- Always, always always always use source control: I didn’t start using Git until I was halfway through the project, and that was a very, very big mistake. Even if I got lucky and I didn’t suffer from any data loss or drive problem, there’s hours and hours of work in which the code evolved in very curious ways, and there’s not a backlog covering it. Yeah you might be working on your own, yeah I know you’re pretty sure about just being toying around with this or that new tool. Perfect: start using source control anyway, no matter what. And remember to commit often. As for me, I’ve found Sourcetree to be of great help while managing my repositories. If you’re not the command line master that you’d like and need a friendly GUI to keep your projects clean, consider giving it a go. Other options include GitHub and Gitkraken, programs that I used and definitely liked.
- Know your tools (both their strong points and limitations): Many times you will discover that while trying to get the damn thing working you were hammering a nail with the handle of a knife. Don’t worry, some very experienced and talented programmers confirm that it happens all the time. Move on and find the right tool (and toolset).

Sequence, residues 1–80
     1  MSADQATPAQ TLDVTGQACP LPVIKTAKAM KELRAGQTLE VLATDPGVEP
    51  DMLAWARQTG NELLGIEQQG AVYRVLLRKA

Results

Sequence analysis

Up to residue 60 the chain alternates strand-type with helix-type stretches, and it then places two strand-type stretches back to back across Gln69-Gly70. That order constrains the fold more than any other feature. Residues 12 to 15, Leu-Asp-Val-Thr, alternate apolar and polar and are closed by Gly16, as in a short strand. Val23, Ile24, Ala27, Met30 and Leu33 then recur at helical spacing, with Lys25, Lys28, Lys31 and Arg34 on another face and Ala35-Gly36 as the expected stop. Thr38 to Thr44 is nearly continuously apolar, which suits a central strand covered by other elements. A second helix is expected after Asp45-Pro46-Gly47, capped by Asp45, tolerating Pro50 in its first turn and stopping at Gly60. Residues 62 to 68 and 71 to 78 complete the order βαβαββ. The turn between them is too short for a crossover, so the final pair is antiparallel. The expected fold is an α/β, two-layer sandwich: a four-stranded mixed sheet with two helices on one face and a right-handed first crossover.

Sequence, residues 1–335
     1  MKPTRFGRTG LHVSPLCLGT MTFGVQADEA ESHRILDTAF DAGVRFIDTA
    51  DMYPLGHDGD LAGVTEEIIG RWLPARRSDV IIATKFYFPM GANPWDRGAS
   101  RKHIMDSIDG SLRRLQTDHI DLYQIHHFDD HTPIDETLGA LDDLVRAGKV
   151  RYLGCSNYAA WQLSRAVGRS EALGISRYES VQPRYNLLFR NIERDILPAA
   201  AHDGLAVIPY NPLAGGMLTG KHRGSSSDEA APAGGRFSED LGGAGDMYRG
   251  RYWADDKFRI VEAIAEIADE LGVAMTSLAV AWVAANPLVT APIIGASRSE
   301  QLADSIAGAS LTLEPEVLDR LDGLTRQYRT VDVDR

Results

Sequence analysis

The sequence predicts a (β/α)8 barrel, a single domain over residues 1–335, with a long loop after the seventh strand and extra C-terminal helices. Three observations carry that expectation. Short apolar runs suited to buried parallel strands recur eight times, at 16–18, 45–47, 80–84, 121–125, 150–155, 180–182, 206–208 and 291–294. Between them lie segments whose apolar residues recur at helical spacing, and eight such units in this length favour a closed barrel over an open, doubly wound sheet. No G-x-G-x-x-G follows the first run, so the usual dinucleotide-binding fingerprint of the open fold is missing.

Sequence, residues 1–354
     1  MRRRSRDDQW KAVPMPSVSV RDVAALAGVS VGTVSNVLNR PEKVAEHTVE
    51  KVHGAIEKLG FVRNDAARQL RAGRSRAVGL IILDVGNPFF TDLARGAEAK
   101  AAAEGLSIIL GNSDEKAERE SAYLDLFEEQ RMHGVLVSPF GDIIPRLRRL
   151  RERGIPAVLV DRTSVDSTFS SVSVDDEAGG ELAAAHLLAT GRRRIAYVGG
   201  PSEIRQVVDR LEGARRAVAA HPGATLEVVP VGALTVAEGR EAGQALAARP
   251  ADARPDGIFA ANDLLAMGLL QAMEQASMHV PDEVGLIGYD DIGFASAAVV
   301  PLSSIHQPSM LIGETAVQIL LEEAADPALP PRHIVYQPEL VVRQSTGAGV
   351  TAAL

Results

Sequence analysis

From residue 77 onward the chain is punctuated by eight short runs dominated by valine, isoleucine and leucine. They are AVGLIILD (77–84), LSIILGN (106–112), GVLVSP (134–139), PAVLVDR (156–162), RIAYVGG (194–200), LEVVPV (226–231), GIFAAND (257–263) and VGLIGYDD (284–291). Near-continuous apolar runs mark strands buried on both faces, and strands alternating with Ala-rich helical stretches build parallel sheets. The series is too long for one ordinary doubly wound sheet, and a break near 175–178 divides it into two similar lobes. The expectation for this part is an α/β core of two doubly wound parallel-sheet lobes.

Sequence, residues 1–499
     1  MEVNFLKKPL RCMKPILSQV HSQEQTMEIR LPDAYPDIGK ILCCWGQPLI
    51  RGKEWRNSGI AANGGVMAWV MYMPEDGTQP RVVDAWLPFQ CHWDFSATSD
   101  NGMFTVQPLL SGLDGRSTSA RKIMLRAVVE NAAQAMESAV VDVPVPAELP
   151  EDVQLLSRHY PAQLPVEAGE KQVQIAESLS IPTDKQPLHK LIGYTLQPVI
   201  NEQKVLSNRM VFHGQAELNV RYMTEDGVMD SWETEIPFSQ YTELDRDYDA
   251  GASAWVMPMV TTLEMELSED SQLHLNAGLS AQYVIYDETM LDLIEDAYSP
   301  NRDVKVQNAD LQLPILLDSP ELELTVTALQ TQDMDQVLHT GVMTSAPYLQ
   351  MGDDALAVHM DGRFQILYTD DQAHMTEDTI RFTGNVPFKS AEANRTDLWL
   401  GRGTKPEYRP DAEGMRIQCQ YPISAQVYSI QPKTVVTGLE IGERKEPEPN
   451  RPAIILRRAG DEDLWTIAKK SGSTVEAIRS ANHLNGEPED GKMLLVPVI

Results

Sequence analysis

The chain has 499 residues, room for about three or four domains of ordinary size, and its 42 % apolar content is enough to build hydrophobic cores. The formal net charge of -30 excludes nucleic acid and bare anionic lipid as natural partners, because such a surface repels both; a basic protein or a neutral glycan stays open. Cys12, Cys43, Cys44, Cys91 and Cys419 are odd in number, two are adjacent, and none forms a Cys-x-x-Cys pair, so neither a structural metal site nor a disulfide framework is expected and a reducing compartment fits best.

- Consistency is everything: That goes for naming conventions, comments, documentation and pretty much everything. It will make things easier for you, and for anyone having to understand your code for any reason (including helping you!).
- Look and feel is important: Or, how even if you completely rewrote the program users will most likely value the tiny, cosmetic improvements. Testing a bit and keeping an eye on user experience and feedback will definitely not hurt your project.
On parsers, WPF and .NET findings